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TransCanada’s “Smear” Campaign Exposed

EdelmanLater today we could see a vote in the Senate, tabled by Louisiana Democratic Senator Mary Landrieu, which could authorize the construction of the controversial Keystone XL pipeline, although President Obama still has a veto on any final decision.

According to CNN, Landrieu, who receives millions in funding from Big Oil,  says she has enough votes to reach the all-important 60-vote procedural threshold.

The Louisiana Senator has been scrambling to attract at least 15 Democrats needed to join the Republicans, and although she told reporters last night that she had achieved the magical 60 threshold, uncertainty remains over whether this is in fact true or not. So Landrieu’s sense of optimism may yet be misplaced.

Any wavering Senators would be well advised to examine some leaked documents obtained by Greenpeace, which reveal TransCanada’s “dirty tricks” on another of its pipelines, the Energy East Project, which would carry over a million barrels of tar sands a day to the East of Canada.

The documents reveal that TransCanada, which is also behind the KXL pipeline, has enlisted the services of the PR company Edelman to target groups opposed to the Energy East project in Canada.

The PR strategy has been criticised as a desperate “smear campaign” by those who are targetted in it.

The documents reveal that Edelman proposed “a perpetual campaign to protect” the pipeline, by in part confronting the company’s critics. “We cannot allow opponents to have a free pass,” Edelman advised TransCanada.

It also recommends the classic public relations technique of using third parties – supposedly independent voices to “put the pressure on” the pipeline’s opponents.

“Third-party voices must also be identified, recruited and heard to build an echo chamber of aligned voices,” argue the documents.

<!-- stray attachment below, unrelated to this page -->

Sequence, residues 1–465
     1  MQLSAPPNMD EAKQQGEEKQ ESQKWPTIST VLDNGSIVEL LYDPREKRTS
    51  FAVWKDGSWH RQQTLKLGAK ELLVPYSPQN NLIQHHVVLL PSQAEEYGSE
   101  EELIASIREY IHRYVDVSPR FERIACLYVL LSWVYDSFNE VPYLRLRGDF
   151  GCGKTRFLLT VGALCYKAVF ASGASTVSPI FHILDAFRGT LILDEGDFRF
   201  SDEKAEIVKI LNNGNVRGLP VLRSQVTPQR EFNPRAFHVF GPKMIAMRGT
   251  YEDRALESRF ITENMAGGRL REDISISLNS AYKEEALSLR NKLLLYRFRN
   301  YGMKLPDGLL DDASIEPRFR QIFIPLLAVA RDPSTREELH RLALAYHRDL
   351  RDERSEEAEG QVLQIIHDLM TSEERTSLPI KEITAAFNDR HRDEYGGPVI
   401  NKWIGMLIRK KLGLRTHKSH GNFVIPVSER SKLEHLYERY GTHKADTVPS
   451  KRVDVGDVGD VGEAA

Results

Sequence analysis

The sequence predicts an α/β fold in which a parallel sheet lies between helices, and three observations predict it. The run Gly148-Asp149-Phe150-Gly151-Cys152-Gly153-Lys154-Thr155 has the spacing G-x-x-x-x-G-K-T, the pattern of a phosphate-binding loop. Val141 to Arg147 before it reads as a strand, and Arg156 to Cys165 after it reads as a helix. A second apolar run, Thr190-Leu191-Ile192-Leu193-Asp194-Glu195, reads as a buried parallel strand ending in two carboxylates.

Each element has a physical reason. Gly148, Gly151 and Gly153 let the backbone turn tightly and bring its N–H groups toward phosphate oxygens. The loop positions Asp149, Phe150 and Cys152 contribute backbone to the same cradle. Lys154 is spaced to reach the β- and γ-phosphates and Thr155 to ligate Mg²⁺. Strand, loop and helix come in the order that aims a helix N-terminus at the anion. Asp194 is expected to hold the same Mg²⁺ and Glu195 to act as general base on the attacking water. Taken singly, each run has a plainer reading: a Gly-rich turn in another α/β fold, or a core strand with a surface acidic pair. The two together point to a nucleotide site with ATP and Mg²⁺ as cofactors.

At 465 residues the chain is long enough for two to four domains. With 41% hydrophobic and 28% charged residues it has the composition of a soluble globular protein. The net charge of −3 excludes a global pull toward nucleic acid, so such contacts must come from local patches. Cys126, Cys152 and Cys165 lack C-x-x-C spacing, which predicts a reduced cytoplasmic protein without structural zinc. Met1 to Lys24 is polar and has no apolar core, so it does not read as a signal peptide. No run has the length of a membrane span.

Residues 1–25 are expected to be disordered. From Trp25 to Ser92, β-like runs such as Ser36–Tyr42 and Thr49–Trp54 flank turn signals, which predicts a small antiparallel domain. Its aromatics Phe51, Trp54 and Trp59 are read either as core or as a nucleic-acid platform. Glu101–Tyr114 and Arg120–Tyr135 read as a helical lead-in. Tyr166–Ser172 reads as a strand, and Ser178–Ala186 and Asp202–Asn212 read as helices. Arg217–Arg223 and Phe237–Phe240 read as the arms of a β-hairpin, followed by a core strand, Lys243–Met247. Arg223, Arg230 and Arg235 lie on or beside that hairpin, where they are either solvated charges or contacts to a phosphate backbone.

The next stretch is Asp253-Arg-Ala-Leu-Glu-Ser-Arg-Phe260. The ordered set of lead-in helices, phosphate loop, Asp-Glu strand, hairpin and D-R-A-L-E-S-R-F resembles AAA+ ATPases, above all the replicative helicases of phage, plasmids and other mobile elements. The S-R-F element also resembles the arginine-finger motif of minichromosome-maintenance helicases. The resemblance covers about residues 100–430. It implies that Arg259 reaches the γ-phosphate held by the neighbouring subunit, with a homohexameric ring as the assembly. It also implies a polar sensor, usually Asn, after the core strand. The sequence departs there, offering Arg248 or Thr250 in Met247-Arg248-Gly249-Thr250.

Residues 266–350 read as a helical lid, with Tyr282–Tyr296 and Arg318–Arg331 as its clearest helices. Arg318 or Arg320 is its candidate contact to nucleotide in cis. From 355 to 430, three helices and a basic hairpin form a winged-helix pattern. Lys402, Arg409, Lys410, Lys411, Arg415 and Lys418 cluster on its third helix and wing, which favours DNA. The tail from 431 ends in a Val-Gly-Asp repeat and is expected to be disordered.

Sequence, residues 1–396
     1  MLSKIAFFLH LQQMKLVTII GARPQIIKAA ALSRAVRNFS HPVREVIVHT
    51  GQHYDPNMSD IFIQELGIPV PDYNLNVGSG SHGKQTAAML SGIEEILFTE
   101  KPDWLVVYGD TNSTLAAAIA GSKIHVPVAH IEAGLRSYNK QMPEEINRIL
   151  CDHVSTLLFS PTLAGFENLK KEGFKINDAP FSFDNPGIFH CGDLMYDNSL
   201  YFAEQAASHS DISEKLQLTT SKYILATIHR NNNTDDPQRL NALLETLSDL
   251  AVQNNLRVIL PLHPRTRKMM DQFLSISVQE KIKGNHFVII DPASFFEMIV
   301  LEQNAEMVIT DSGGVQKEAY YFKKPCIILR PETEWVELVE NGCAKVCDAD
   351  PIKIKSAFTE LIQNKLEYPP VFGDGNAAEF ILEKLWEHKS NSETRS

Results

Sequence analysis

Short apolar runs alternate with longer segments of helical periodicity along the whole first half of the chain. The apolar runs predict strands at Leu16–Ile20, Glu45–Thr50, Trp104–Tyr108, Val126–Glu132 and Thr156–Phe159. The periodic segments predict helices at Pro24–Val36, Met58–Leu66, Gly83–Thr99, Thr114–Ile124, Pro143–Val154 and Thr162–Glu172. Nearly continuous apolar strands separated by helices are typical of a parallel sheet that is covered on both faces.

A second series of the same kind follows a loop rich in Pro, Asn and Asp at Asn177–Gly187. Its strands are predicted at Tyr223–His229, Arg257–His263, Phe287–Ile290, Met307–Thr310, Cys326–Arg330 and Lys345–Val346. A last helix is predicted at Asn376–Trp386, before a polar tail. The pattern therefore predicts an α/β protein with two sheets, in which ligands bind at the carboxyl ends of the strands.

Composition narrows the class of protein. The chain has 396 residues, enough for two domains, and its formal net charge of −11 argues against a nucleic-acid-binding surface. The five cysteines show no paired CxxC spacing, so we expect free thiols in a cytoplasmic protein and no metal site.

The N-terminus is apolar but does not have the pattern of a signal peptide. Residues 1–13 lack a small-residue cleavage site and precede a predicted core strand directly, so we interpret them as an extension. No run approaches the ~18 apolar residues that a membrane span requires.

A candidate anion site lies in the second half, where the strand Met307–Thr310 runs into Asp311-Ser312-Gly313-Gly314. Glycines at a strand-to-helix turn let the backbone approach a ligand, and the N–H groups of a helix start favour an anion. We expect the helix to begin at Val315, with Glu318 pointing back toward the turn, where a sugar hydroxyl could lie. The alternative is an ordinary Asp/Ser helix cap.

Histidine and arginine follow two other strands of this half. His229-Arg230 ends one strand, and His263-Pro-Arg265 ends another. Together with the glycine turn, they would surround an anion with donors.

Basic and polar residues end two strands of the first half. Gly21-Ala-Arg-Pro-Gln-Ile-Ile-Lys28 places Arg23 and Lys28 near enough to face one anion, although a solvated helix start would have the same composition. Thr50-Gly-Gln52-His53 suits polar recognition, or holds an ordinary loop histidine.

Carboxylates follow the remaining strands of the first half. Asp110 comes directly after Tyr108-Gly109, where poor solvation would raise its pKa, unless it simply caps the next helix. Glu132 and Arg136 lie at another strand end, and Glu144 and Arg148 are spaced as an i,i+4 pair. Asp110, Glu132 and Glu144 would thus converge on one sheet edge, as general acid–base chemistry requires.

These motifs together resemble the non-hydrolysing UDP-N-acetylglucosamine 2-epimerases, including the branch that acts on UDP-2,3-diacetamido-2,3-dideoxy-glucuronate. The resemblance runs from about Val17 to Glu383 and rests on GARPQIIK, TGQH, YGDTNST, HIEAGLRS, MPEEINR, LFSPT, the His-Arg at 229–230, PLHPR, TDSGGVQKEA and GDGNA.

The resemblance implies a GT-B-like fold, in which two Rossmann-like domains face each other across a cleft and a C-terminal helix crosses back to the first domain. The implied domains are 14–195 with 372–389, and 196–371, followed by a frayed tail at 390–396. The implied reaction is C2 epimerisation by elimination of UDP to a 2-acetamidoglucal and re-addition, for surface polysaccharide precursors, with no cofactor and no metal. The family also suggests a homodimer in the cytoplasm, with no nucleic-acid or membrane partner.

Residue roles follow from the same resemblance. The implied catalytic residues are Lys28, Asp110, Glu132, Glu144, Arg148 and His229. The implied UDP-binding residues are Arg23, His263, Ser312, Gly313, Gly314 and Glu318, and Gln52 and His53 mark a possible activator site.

Having reviewed the documents, Greenpeace campaigner Keith Stewart said “They’re bringing a much more aggressive, U.S.-style politics here. They’re employing pressure tactics that I would characterize as dirty tricks.”

Edeleman also calls on TransCanada to build a fake grassroots or Astroturf campaign in favour of the pipeline, by recruiting 35,000 activists.

Central to the PR plan is that Edelman argues that TransCanada should attack its critics by “distracting them from their mission and causing them to redirect their resources.”

To this end, the global PR company suggested “opposition research” to target groups such as the Council of Canadians, David Suzuki Foundation, and Avaaz including questioning their funders and any litigation issues and audits they may be facing.

It also suggests targeting a small community group in Ottawa, Ecology Ottawa which more often than not fights for more bike lanes. Ben Powless, a campaigner at Ecology Ottawa said “To me, it’s a smear campaign really trying to shut down the voices of local people who have legitimate concerns”.

Alex Wilks, a spokesperson for Avaaz, reiterated similar sentiments. “Edelman’s cynical plan to smear citizens groups shows how low fossil fuel companies will stoop to protect their profits in the face of rising seas, melting ice caps and millions calling for climate action.”

Wilks called on Edelman to “cancel its TransCanada contract and stop promoting one of the world’s dirtiest oil pipelines.”

The documents have been published online by Desmogblog – to see them go here.

 

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